Number of Pages: 589
Publication Date: April 30, 2016
Rating: out of 5
OBC Rating: 2 out of 4 stars
To Learn More About the Book, Click: The First Five Days on OBC Bookshelves
Yosi Sint has been named leader of Lionea and begins his first five eventful days. From treachery to backstabbing to endangering lives, Yosi begins to suspect that his own safety is in jeopardy. Follow this leader as he faces the perils of his new role.
Told in alternating perspectives, the reader is given insight to the workings of this medieval period.
It was very difficult to give this book a rating. Though I really enjoyed Yosi’s perspective and could follow his story line easily enough, there were other times where I was left confused, questioning who was whom and trying to identify what role they played in the story.
Several times, I found myself needing to backtrack and attempt to remember if I had read about specific characters or not. Sometimes I found out that I haven’t, and other times I did read about them, but was unable to remember what happened to them previously or how they connected to Yosi’s story. This quickly became tedious and was frustrating all throughout the read.
This disjointed way of telling the tale could very well be because two authors wrote the story rather than one. Most times, it is challenging for one author to write a memorable and worthwhile story that when creating a story with someone else, there is more room for mistakes and interruption of story flow.
On top of the choppiness, there were several errors throughout the book. This included punctuation missing or misplaced, noun and verb disagreement, and consistently keeping up with medieval-style writing.
Lastly, as this is a new world that the authors have created, there is a lot of world building here. However, there needs to be balance of introducing the world and weaving in the familiar. It is important to allow the readers grasp the setting and time period without overloading them. In The First Five Days, I felt overwhelmed at times and had a very difficult time in understanding where all the characters lived and how they related to one another.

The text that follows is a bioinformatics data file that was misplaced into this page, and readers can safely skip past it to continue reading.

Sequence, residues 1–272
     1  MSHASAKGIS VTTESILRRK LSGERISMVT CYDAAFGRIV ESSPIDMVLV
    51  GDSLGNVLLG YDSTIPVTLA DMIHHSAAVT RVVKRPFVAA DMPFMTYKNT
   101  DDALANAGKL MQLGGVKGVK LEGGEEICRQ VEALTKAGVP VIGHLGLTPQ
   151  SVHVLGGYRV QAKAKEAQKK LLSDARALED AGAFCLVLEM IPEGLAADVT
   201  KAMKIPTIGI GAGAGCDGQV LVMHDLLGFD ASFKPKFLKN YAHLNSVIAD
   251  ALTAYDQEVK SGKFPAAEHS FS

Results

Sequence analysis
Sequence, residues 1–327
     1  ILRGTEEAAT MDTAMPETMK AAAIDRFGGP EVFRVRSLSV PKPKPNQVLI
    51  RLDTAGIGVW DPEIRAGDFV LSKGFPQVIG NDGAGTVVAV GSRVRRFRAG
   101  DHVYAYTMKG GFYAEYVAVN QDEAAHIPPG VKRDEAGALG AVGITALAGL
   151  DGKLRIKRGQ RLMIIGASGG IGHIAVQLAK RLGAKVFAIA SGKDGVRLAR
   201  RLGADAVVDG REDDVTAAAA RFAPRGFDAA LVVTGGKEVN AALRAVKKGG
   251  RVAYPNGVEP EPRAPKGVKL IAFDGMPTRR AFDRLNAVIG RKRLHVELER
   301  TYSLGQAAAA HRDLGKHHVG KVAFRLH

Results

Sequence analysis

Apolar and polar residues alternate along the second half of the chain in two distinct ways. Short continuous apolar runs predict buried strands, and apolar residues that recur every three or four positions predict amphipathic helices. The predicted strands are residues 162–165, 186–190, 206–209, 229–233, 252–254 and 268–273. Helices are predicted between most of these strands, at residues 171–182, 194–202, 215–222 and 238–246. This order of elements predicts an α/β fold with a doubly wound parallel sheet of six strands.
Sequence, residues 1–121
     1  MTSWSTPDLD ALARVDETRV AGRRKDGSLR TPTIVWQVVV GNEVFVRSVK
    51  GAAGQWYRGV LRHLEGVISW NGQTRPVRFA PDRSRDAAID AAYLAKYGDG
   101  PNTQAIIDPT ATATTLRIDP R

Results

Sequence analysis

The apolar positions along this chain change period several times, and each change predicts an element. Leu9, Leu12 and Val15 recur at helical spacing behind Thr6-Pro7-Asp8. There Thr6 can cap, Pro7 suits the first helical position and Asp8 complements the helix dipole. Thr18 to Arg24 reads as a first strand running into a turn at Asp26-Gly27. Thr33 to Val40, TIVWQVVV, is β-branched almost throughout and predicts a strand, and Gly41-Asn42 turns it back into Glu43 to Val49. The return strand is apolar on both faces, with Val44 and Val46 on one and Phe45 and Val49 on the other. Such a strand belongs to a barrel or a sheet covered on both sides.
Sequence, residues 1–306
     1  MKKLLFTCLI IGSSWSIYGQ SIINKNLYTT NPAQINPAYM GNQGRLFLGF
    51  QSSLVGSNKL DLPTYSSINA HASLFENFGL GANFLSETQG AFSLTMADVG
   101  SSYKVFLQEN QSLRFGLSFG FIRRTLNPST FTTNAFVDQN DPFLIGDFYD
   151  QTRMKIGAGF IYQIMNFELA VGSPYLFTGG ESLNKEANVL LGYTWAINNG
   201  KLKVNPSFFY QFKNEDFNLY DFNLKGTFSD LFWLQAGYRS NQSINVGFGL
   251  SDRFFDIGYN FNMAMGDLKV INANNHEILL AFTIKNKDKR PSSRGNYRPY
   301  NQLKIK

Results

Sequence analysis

Additionally, there were several terms and titles introduced very quickly and throughout the read that I eventually stopped questioning what they meant because it was clear that I wasn’t going to find out. For instance, Yosi is the HN. But, what is an HN? What does it stand for? Then, there were several references of the time of day, like the ‘Hen’s Hour’, ‘Sun’s Hour’, ‘Crow’s Hour’, etc. None of which I had an inkling of the actual time of the day. I could guess, but why make your readers guess at something so simple?
For those who have compared this to the A Song of Ice and Fire series, I don’t see it. As a fan of this extremely epic fantasy, it is not very fair to compare the two. George R.R. Martin’s world is organized and characters were introduced slowly. His world is epic with a bigger issue at hand aside from all the backstabbing and deceit. Overall, if you’re A Song of Ice and Fire fan, don’t expect the same here.
As a warning, there are scenes of rape, murder, and torture in this read. If you are a reader that is disturbed by this (as I was), you may want to pass.
I received this eBook from OnlineBookClub in exchange for an honest review.